Carlow County - Ireland Genealogical Projects (IGP TM)

Major General. James Lillis



Source: Carloviana - December, 1998 No. 46. Pages 86- 87.

Major General. James Lillis.

Born Tullow, Co. Carlow

Service Corps -Supply and Transport

Senior appointments held:
Commanding Officer Military College 1950-51
GOC. Curragh Command 1951-52
Assistant Chief-of-Staff 1952-55
Quartermaster General 1955-58.

Written for Carloviana by Martin J. Lynch

In Ireland's long history, heroic times never lacked like-minded men and women to answer the call. In the case-file of such remarkable men under 'L' one will readily find the name of Jim Lillis, patriot, volunteer and late Major General of the Anny.

Coming from a very Nationalist family on both sides gave some indication of the revolutionary, organiser and artificer of a fledgling Nation who was born in the year 1897. On the baby's mother side there were links to James Roche (1772-1863), father of William Roche, an insurgent at Vinegar Hill. The birth took place at 41 Dublin Street Tullow.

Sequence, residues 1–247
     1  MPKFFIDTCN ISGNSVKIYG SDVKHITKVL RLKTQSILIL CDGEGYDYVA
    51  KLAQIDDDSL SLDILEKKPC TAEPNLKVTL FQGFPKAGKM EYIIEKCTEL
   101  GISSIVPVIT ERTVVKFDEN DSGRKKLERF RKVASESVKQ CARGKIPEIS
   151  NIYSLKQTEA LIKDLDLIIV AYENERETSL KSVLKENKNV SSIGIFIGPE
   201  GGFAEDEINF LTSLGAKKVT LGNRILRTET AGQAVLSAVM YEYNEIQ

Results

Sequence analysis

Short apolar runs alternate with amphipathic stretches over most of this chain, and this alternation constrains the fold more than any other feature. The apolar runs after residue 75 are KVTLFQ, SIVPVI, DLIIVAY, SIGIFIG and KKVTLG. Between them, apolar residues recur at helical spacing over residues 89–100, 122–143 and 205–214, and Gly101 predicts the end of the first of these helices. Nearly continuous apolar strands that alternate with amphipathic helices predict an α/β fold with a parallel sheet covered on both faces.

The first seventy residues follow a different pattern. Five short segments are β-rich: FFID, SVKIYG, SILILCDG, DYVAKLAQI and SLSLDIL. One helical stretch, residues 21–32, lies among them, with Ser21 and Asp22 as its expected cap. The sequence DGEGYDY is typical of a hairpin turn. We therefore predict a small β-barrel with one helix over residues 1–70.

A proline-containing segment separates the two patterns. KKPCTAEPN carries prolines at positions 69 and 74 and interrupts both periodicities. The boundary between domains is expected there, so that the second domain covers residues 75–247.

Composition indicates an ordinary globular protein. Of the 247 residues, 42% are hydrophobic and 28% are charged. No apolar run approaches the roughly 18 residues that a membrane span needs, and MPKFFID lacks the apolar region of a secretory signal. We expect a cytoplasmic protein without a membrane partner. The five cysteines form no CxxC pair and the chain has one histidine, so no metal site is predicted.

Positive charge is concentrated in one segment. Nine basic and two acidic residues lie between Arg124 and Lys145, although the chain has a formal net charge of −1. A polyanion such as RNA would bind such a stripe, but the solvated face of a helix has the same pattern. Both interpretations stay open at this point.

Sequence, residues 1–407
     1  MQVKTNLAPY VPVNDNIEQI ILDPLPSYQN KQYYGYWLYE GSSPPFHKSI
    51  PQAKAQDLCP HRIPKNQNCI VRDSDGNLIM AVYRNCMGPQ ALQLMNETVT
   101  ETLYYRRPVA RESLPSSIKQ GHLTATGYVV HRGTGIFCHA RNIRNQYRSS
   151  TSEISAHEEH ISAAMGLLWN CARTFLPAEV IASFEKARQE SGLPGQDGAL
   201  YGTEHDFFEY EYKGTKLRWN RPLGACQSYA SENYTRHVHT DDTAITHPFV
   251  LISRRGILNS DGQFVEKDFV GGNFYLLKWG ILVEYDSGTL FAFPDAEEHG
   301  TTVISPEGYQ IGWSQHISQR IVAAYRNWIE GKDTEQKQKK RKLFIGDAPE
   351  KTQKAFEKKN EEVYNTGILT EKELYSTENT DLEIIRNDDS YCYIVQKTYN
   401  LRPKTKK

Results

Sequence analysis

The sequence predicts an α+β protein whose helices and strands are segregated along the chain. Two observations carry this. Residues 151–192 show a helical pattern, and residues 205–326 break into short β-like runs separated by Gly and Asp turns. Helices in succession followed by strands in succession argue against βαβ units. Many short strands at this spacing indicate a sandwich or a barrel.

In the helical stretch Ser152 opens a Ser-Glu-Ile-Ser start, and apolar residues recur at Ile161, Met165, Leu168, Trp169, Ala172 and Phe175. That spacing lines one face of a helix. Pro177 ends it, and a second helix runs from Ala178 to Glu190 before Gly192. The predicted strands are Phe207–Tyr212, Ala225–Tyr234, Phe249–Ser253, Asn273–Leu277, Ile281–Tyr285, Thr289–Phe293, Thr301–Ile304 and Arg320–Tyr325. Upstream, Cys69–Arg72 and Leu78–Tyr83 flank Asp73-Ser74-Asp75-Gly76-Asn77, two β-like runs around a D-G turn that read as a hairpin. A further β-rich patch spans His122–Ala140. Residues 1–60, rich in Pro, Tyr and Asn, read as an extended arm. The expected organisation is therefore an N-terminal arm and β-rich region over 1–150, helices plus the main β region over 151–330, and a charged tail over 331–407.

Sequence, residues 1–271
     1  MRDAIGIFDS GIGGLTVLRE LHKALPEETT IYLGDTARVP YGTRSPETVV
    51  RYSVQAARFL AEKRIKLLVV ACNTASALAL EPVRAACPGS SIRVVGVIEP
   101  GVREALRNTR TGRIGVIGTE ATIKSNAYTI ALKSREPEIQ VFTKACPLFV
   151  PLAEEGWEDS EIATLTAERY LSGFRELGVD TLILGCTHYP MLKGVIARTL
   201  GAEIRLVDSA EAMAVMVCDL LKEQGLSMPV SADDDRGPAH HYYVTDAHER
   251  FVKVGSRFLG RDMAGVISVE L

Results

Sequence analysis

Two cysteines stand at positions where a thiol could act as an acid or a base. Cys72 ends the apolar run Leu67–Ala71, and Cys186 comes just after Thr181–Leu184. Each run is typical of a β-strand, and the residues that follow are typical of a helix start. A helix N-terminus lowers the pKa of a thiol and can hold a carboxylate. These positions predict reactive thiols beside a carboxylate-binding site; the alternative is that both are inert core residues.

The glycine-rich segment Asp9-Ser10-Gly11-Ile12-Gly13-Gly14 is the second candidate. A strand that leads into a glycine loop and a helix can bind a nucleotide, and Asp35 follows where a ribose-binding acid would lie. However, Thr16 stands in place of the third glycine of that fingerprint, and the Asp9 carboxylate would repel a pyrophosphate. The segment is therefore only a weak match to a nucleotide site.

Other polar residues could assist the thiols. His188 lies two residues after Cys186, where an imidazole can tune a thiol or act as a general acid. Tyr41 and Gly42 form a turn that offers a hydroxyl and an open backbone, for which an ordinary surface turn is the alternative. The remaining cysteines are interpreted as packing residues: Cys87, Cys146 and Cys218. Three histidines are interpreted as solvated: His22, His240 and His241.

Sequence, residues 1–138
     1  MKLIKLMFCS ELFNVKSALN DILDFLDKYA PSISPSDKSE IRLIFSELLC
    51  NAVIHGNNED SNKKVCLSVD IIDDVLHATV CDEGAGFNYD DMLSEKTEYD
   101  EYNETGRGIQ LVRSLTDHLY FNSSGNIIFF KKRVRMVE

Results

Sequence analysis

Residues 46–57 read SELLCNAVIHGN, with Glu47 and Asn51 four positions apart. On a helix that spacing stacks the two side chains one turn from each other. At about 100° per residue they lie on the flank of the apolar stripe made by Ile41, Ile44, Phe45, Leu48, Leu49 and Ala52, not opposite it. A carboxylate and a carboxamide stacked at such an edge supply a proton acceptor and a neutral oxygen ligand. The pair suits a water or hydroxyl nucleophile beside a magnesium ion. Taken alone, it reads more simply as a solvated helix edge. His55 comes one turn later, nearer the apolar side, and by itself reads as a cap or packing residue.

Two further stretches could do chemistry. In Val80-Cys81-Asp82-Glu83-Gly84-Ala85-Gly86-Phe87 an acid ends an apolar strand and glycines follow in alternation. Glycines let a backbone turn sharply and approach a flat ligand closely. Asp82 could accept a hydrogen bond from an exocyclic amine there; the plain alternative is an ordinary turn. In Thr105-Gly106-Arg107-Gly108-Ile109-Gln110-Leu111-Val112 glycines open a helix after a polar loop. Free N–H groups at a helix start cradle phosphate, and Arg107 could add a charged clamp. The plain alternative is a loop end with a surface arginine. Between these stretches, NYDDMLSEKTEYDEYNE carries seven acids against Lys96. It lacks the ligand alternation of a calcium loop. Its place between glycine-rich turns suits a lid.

His mother, Elizabeth Roche, daughter of a well-known family had met his father, Thomas Lillis, a Clareman, when he had taken up the post of teacher to the Carlow workhouse (where the Vocational School now stands). Thomas went on to found the Carlow Branch of the Gaelic League, with the help of the 1916 patriot, Michael O'Hanrahan.

His comfortable stimulating environment must have changed dramatically when his father died prematurely in 1909. Two years later Jim and his brother (who was ultimately to survive him) Thomas were sent to his father's native place, Cooraclare, Co. Clare to be reared by an aunt. He is fondly remembered there today. A sister Anna had meanwhile died; further trying his young mother in those improvised pensionless times.